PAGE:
The theory of Momentum Investing, like all the best ideas, is simple – the greater the amount of money that is being invested into a fund, or asset class, the quicker its value will rise. This will in turn attract further investment, pushing the price even higher.
If you remember the 1980s film ‘Trading Places’ you probably already know more about momentum investing than you thought. Eddie Murphy and Dan Aykroyd starred in the comedy film telling the story of a snobbish commodities broker and a canny street hustler. To settle a bet on whether it’s a person’s environment or heredity that determines how well they will do in life, the millionaire brothers Mortimer and Randolph Duke arranged for their positions to be reversed and then watched to see how they survived in their new found circumstances.
The same year Richard Dennis set up the turtles experiment to settle a similar argument that he was having with his long-time friend Bill Eckhardt – were great traders born or made? Eckhardt thought that trading was an ability embedded in your DNA, Dennis, (a momentum investor) was convinced it could be taught.
Richard Dennis was born in Chicago in 1949 and began trading commodities in the early 1970s. He started with a small loan from his family and by 1973 his capital had risen to $100,000. At the end of the following year he was a millionaire. By the early 1980s he was reportedly worth over $100 million.
They advertised for trading apprentices in Barron’s, the Wall Street Journal, and the New York Times. The ad stated that after a brief training session, the trainees would be supplied with an account to trade. Dennis selected 21 men and 2 women and invited them to Chicago for a two week training course. They were then given small trading accounts and asked to trade for one month. After this trial period he then gave the ones who traded successfully his own money ($1 million) to invest. In the next five years they are said to have made an aggregate profit of $175 million.
Momentum v Value Investing
The Value investor will aim to buy low and hopes to be able to sell high, whilst the Momentum trader will buy high and sell higher. The aims are similar except that the momentum investor follows a key principle, succinctly described by the legendary American investor Jesse Livermore “Don’t take action with a trade until the market, itself, confirms your opinion. Being a little late in a trade is insurance that your opinion is correct”. The strategy works best in a Bull market and is least effective when the markets are undecided and volatile.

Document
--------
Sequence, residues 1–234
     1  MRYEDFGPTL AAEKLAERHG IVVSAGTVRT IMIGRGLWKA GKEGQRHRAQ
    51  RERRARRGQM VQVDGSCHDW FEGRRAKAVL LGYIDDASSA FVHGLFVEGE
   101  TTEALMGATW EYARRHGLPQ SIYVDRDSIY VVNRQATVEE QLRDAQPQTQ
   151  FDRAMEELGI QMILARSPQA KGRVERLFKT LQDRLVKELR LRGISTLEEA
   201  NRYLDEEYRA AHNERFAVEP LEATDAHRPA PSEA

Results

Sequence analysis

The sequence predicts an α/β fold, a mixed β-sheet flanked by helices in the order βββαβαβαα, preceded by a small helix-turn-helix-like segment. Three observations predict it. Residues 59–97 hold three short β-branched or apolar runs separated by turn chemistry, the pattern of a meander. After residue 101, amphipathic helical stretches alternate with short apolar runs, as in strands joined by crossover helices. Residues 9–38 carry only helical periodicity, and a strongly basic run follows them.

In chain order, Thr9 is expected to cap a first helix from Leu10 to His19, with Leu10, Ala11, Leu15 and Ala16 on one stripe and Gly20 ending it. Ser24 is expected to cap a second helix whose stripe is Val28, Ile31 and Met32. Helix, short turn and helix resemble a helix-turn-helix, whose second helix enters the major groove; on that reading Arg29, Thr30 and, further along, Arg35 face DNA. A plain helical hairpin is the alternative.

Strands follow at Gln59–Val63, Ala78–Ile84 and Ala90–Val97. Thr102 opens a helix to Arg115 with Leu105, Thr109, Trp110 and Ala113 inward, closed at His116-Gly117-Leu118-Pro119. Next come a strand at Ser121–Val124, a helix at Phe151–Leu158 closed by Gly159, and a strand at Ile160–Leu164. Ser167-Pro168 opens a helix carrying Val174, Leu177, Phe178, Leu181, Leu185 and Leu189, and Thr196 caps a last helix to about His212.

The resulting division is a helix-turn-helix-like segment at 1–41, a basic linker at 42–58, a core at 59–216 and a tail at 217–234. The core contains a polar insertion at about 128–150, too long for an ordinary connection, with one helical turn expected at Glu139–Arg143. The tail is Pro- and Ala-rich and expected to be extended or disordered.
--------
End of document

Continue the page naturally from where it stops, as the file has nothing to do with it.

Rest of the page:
Many professional investors have a mandate to be fully invested at all times – as a private investor you have the luxury of only playing the markets when conditions are favourable. There’s nothing wrong with heading for harbour, and moving your investment to cash, in uncertain times.
Momentum Trading Funds
In 2010 the founders of Saltydog Investor set out to prove that the same ‘momentum’ principles could work for private investors looking to take control of their ISAs, SIPPs, and other investments. To avoid the problem of researching individual companies we decided to invest in funds. We let the various investment houses use the resources available to them to select the constituents within the funds – all we have to do is track their relative performance to see which ones are doing it the best. We then use the leading funds in each IA (Investment Association) sector to determine which sectors to invest in. We trade through a low cost fund supermarket where we can switch between funds without incurring prohibitive costs.
To establish the direction of ‘Momentum’ in the markets, we generate up to date fund and sector performance data highlighting what is doing well now – knowing what was performing one, three and five years ago is useless. We analyse the sector movements, and then rely on our unique Saltydog groups to rank the sectors according to how volatile they have been in the past. We use these groups to control the overall volatility of our portfolio, and only invest in the ‘riskier’ groups when their recent performance justifies it. Having identified the leading sectors we then look for the best performing funds based on their recent performance.
Over 4 years on and how have we done?
In November 2010 we invested £40,000 in a fund supermarket account and started our own ‘cautious’ portfolio – The Tugboat – where minimising losses is as important as making gains. We avoided the major market corrections of 2011, 2012, 2013 and more recently at the end of 2014. Since launch the overall value of our demonstration portfolio has gone up by 45%.
To find out more about the service we provide, and the 2 month free trial that we offer to all new members, go to our website www.saltydoginvestor.com